Review: William Wolf Frisky and Coffee Whiskeys

Remember William Wolf? The pecan-flavored American bourbon made in… the Netherlands? Well Mr. Wolf has been busy expanding into other flavored whiskeys, with a total of four (plus an unflavored rye) now on the market.

Today we look at two of the newer products, “Frisky,” which is a vanilla/caramel-heavy whiskey, and “Coffee,” which is flavored with, er, coffee. Note that unlike the Pecan whiskey, these are not billed as having bourbon as their base but rather are made with just American whiskey. (I also can’t determine if there is any Holland connection any more; the labels merely say these were produced and bottled in William Wolf’s home state of South Carolina.)

Let’s take a quick peek at each of them.

Both are 70 proof.

William Wolf Frisky Whiskey – This vanilla- and caramel-flavored whiskey is as sticky as they come, a super-sweet concoction that combines a soda shop full of syrups to create a whiskey that is filled with vanilla, butterscotch, some coconut, and ripe banana. This actually is more appealing than it sounds, particularly as a dessert-class tipple, as the coconut notes (intended or otherwise) work well with the maple syrup sweetness of the underlying spirit. B- / $25

William Wolf Coffee Whiskey – It’s a good thing it says “whiskey” on the label, because otherwise you’d have no idea there was any whiskey in this heavily-flavored concoction, a mahogany-brown spirit that smells of well-sweetened coffee, and little else. Perhaps the lightest hint of vanilla gives this spirit any semblance of whiskey; feel free to use it as a considerably higher proof version of your favorite coffee liqueur in your next White Russian. B+ / $25

thinklikeawolf.com

Review: Stolen Whiskey 11 Years Old

Stolen, best known for its smoked rum line, expands into whiskey with this first offering, an 11 year old bourbon sourced from MGP and given a unique finish. After Stolen gets ahold of the whiskey it is rebarreled in a cask with “double smoked barrel staves” which are made by “turning the staves at key points during a toast over an oak fire.”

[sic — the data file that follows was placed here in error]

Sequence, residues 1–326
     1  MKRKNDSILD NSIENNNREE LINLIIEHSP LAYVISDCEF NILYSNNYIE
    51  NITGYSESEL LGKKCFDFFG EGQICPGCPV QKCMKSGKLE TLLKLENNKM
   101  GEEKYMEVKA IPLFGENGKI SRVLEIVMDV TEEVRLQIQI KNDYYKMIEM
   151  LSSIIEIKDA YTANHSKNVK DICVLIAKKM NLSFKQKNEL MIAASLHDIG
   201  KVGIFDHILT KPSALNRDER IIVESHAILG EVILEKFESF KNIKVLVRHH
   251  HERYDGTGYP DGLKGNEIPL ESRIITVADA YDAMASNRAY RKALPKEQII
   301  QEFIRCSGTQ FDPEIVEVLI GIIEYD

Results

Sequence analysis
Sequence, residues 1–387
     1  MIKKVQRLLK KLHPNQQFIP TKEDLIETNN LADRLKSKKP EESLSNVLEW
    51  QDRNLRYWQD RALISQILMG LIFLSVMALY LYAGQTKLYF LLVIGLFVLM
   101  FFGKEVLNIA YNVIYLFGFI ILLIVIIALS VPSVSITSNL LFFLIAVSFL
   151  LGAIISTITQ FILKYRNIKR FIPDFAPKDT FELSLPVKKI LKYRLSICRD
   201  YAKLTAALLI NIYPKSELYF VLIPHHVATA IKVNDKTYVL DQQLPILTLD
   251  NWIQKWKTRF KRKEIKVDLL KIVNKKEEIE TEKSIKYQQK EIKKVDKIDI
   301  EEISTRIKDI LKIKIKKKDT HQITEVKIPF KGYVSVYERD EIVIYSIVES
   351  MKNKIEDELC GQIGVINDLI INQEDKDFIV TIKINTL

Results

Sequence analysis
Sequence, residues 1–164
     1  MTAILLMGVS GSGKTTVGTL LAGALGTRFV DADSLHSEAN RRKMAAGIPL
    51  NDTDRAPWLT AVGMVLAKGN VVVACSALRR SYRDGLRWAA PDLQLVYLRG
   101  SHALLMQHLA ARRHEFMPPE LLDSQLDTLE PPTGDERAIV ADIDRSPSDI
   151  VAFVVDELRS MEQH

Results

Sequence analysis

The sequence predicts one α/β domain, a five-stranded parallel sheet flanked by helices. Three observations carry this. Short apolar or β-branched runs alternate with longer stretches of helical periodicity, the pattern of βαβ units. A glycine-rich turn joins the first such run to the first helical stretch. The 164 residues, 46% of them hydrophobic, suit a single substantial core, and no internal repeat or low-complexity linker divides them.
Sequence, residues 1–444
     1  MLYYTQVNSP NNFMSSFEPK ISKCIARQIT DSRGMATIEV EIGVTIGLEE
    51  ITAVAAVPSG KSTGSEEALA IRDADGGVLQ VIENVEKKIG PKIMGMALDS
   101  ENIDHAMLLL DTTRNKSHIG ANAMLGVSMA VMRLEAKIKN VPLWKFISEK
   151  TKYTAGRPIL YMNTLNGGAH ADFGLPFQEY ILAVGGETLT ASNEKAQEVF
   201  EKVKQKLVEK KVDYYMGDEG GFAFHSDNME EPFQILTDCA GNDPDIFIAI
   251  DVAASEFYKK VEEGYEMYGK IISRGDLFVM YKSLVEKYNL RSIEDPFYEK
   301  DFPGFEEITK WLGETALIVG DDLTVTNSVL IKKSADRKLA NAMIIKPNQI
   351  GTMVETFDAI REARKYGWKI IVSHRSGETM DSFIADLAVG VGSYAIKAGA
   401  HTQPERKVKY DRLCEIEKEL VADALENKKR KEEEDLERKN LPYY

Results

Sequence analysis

So, what’s that do to a whiskey?

The nose of Stolen Whiskey is bourbon-sweet but, as one would expect, slightly smoky — exhibiting a barbecue-like smokiness with vanilla-soaked overtones of cherry wood, some eucalyptus, and hints of cardamom. The smoke lingers the longest on the nose, though — and it grows in power as it collects in the glass.

On the palate, a rush of sweet vanilla and caramel reminds you you’re drinking bourbon, but it’s washed away by notes of bacon and smoldering mesquite fire, smoky but sweet, and heavily meaty. The finish is drying and exceptionally lasting, increasingly dusty and growing rather harsh as it lingers on the tongue, that initial burst of sweetness long gone.

A little barrel char in a whiskey can work wonders for it, balancing out the more sugary notes and adding nuance, but here the effect is amplified to an extreme, taken too far and throwing the whiskey a bit out of whack. The more I drink it, the more all I taste are the remnants of a desert scrub brush fire. And I have to think that was probably not the intention.

92 proof.

B- / $40 / thisisstolen.com

Review: Wines of Australia’s MWC, 2017 Releases

MWC is a budget label from Aussie winemakers McPherson Wines, with four expressions being produced. Don’t be alarmed: All the bottles used are Burgundy-style bottles, regardless of what goes in them.

Let’s take a look at 2017’s releases, all now in the market.

2015 MWC Pinot Gris Victoria – A lovely pink hue kicks off this fruit-filled wine, which offers notes of pineapple and mango and a touch of coconut, all layered over a lemony backbone, with light grapefruit notes. Incredibly fresh and eminently drinkable, it’s a lovely wine as an aperitif that also pairs well with seafood. A- / $15

2014 MWC Shiraz Mourvedre Victoria – 95% shiraz, 5% mourvedre. Blunt and unremarkable, this lightly pruny wine offers loads of blackberry jam and some tea leaf, with a fair amount of syrupy milk chocolate notes. Nuanced it’s not, using ample sweetness to mask a thin body and a short finish. C / $15

2015 MWC Pinot Noir Victoria – More enticing, with a solid acidity level that works well with notes of cherry and blueberry that dominate the palate. The finish treads into some odd areas of baking spice and more of that milk chocolate, but otherwise the experience is robust enough to carry its own. B / $16

2015 MWC Cabernet Sauvignon Victoria – An entry-level cabernet, approachable but not the most nuanced wine in this lineup. Notes of raspberry and currant are on target, but secondary character behind them is fairly lacking. The finish is more acidic than expected, with only modest tannin structure, and with a straightforward, tart but fruit-heavy conclusion. B / $16

mcphersonwines.com.au

Review: Eden Mill Gins – Original, Love, Oak, and Hop

Eden Mill is a combo brewery-distillery in Scotland’s St. Andrews that makes beer, whisky, and gin, including this quartet, which all come in unique, swing-top bottles. Eden Mill makes quite an array of spirits in its copper pot stills; it’s a bit unusual for gin to be pot-distilled, so let’s take a dive into four of Eden Mill’s releases, which are just now becoming available in the U.S. thanks to importer ImpEx.

Eden Mill Original Gin – Beautifully balanced right from the start, featuring moderate but omnipresent juniper, a healthy slug of lemon and orange peel, and aromatic hints of cinnamon and cloves. The body picks up the spice a bit, playing up torched orange peel, cardamom, and hints of eastern spices, while finishing clean with some light florals notes. A perfect rendition of a modern gin that keeps one foot in the new world and one in the old. Use it for, well, anything. 84 proof. A